Derek Long



I have taught a wide variety of courses at the University of Illinois at Urbana-Champaign and the University of Wisconsin-Madison. Wherever possible, I incorporate specifically digital questions into my pedagogy by encouraging students to think about how digital communication changes the way they articulate their own ideas as well as interpret those of others.

Digital Production

I have taught a number of production courses, including Media and Cinema Studies 496: Advanced Media Practicum at Illinois and Introduction to Digital Production at UW-Madison. Instructing students in fundamental and advanced concepts so that they can produce compelling images, sound, video, and narrative for online distribution is incredibly rewarding.

While I have instructed students extensively in the use of digital video cameras (including cinema, DSLR, and mirrorless units), sound recorders, lighting, postproduction software, and web design, my approach to production courses emphasizes that technical training is only part of a complete education in media production. Big-picture concepts such as algorithmic bias, workflows, preservation, copyright, and fair use are crucial for students if they are to make their media inclusively and critically.

I have also led workshops and presentations at various conferences to teach users how to use digital applications like Lantern and Arclight, emphasizing individual research questions as well as critical frameworks for interpreting their results.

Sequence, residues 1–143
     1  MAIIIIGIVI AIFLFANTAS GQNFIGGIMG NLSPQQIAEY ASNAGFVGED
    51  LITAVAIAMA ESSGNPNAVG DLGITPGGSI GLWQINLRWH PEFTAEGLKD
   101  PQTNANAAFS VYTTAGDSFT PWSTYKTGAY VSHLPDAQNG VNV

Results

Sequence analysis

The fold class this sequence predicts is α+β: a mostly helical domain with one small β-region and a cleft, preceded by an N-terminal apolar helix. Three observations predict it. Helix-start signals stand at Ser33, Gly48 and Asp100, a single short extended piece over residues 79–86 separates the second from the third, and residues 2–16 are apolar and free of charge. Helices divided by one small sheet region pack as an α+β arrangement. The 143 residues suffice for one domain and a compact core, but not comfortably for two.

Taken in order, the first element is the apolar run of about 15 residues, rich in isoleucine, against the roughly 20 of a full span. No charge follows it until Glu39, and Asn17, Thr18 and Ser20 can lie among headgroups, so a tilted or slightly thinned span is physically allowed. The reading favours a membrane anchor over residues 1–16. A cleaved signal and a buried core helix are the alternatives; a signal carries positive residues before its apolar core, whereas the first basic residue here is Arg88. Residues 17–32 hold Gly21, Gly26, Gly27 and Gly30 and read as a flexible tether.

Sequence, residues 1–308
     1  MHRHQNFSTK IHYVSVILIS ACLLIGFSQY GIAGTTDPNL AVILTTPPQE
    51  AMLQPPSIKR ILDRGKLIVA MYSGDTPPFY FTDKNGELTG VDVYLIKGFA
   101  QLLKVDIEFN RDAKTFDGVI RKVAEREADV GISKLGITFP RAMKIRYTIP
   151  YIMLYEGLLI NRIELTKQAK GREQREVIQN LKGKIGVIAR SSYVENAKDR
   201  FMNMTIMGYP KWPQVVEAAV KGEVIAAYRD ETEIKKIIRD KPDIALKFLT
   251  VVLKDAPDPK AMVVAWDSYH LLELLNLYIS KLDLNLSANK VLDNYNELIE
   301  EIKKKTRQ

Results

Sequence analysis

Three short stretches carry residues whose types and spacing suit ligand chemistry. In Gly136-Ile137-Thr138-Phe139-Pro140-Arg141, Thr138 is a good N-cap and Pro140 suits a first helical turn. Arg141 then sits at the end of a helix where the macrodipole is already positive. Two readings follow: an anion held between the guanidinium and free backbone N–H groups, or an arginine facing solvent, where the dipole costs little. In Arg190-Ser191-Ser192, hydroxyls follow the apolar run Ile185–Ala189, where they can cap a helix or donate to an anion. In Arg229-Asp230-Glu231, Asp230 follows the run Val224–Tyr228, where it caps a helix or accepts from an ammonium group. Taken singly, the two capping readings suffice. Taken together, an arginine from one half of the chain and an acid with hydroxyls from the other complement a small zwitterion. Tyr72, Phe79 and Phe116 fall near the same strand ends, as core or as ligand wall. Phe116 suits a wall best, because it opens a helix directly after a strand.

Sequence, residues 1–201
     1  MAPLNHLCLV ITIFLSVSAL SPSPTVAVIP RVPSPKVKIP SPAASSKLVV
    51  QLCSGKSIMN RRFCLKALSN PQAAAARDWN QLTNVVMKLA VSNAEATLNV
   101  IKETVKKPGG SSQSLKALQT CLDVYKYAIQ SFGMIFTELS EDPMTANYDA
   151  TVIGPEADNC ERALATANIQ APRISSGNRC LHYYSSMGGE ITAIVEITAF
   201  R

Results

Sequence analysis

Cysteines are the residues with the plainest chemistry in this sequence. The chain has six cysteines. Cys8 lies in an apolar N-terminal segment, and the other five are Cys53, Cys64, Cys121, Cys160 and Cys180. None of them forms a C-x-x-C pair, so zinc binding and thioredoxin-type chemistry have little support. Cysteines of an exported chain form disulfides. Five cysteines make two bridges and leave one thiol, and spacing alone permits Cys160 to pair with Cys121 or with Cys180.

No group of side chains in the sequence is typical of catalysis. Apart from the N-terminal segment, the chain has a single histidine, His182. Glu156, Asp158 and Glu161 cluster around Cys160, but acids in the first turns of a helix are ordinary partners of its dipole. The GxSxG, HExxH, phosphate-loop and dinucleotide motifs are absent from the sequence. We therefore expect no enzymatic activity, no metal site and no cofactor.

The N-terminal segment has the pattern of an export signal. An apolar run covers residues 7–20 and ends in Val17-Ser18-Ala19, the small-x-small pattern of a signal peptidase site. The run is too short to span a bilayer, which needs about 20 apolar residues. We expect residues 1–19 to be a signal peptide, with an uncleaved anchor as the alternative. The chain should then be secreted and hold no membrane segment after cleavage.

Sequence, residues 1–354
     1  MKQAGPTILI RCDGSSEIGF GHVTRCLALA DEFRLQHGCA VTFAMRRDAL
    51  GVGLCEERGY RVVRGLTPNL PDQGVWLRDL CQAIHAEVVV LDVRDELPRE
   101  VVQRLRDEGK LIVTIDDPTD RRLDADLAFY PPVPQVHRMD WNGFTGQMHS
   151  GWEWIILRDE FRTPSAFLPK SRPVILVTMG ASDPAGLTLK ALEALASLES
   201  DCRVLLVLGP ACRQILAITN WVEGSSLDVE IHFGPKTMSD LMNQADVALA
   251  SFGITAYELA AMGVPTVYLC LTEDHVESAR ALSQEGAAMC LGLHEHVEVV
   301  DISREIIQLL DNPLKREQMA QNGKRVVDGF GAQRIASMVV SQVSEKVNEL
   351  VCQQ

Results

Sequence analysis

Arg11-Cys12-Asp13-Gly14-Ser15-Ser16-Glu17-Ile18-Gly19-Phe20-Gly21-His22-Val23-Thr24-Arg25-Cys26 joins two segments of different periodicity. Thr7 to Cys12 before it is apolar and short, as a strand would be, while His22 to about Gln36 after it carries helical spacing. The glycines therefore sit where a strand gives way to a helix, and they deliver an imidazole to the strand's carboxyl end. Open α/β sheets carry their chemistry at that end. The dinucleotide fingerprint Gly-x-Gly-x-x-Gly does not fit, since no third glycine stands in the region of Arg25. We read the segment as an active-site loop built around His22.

Film History, Aesthetics, and Analysis

In teaching the Survey of World Cinema sequence at Illinois (MACS 261 and 262), students consider the history of cinema from an inclusive global perspective, expanding beyond the dominant canon of Hollywood, France, Italy, Germany, and Japan to encompass the cinemas of Iran, Senegal, India, Nigeria, Guatemala, and Mexico (among others). They also study topics that tend not to make it into undergraduate history surveys, such as race films, the role of women and people of color in production, exploitation films, and avant-garde cinema.

One of my favorite courses to teach is one I developed, MACS 284: Animated Media from Mickey to GIFs. Students in the course learn how to use digital production tools in the service of close analysis and historical argumentation. They make video essays analyzing character animation, backgrounds, and layout at a frame-by-frame level. They also complete final video essay projects about chosen topics in animation history, with some students choosing to make their own animation as part of the project.

I have also taught graduate-level Film Historiography, MACS 503, in which I had the privilege of reading exciting new article-length work in media history from emerging scholars working in a wide variety of disciplines.

My students regard my teaching highly. I have appeared on the University of Illinois' list of Students Ranked as Excellent every semester since I started teaching here in 2017, and I won two separate Honored Instructor awards from the UW-Madison Division of University Housing by way of student nomination.